Astrology-loving MP David Tredinnick 'convinced' practise can reduce strain on NHS
He is also a strong advocate of alternative and complementary medicine
While many people glance at their horoscope in the newspaper as a form of entertainment, a Conservative MP has suggested that astrology has a role in medicine.
MP for Bosworth, David Tredinnick, who is a member of the health committee and the science and technology committee, said he was not deterred by his critics whom he labelled “bullies”.
“There is no logic in attacking something that has a proven track record,” he told BBC News.
In an interview with the broadcaster, Mr Tredinnick said herbal remedies and healing were now becoming accepted in parts of the NHS, and he now wanted to promote astrology, which he claimed was not just about predicting the future, but gaining an understanding of personal problems.
On Tuesday, Mr Tredinnick told his fellow MPs in the House of Commons: “I am absolutely convinced that those who look at the map of the sky for the day that they were born and receive some professional guidance will find out a lot about themselves and it will make their lives easier."
Mr Tredinnick said he had studied astrology in connection with healthcare for two decades, including Iahiri, the Indian astrological system used by to aid the nation’s government.
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He continued that complementary and alternative medicines can “reduce pressures on the health service, increase patient satisfaction, and make everyone in this country happier.”
“Both the Health Committee and the Science and Technology Committee have reported that by using complementary medicine and by listening to the witnesses we can reduce that demand,” he added.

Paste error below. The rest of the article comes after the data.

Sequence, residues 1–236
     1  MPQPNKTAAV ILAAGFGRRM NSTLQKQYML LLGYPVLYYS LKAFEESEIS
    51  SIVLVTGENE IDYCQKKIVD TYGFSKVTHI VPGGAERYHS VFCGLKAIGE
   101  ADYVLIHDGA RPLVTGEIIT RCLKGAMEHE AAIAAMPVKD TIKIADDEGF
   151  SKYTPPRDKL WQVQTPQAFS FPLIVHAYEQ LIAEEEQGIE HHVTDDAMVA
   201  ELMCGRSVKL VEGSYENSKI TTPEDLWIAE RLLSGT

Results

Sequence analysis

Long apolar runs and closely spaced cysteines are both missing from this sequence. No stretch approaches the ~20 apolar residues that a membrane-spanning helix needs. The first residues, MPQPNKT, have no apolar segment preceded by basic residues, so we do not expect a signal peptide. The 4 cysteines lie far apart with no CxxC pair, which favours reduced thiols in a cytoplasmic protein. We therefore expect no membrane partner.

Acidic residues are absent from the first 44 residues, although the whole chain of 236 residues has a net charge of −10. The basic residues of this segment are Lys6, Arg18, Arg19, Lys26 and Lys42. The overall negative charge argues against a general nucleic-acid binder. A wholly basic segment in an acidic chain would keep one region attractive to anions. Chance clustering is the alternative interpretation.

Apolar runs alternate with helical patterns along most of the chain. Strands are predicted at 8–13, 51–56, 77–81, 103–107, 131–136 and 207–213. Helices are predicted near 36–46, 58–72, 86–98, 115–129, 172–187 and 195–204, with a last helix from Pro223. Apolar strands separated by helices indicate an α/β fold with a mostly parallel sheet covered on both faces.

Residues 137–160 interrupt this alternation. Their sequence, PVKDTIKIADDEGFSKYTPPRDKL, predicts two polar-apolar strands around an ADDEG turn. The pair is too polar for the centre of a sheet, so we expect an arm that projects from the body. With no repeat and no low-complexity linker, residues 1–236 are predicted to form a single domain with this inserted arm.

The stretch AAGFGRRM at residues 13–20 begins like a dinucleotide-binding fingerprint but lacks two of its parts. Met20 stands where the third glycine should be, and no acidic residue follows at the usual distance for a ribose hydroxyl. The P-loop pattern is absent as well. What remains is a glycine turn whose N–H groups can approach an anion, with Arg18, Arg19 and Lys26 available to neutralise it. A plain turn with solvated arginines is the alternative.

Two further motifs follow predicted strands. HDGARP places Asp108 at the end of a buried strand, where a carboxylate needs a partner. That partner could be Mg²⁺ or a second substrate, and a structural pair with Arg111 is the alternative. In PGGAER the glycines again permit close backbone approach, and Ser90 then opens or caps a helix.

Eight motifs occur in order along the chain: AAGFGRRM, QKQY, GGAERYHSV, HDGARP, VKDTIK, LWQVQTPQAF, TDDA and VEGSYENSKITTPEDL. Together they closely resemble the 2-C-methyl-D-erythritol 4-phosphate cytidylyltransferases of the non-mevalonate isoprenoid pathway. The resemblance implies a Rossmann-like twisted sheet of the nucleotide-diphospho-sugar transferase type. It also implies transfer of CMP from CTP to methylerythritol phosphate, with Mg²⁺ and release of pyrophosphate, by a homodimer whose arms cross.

The MP for Bosworth is not the only UK politician to believe in the power of astrology. Lord Patten, Britain’s last governor of Hong Kong, hired an official astrologer, who Mr Tredinnick said he had consulted with.
His comments to the House of Commons came after he appeared at Glastonbury Festival in June, where he spoke on astrology alongside Daily Mail astrologer Jonathan Cainer.
He told MPs he believed he had been asked to speak because he has been regarded as having a “radical agenda” in promoting complementary medicine over the past 20 years.
David Tredinnick is rocking at Glastonbury. pic.twitter.com/zOSG20eUpn— Andy Lewis (@lecanardnoir) June 29, 2014
MPs laughed when he spoke of the ridicule and “relentless attacks” he had faced, including a spoof Twitter account set up called “Inside the head of David Tredinnick. “The right honourable Member for Southampton, Itchen (Mr Denham) once called me the honorable Member for Holland and Barrett,” he said, referring to the high street health food store.
Speaking to the broadcaster, he stopped short of suggesting astrology should be offered on the NHS, but said: “I think it's something that people should be aware of as an option they have if they are confused about themselves.”
He described how he had compiled astrological charts for his fellow MPs that "had certainly made their lives easier." He declined to give their names, however.
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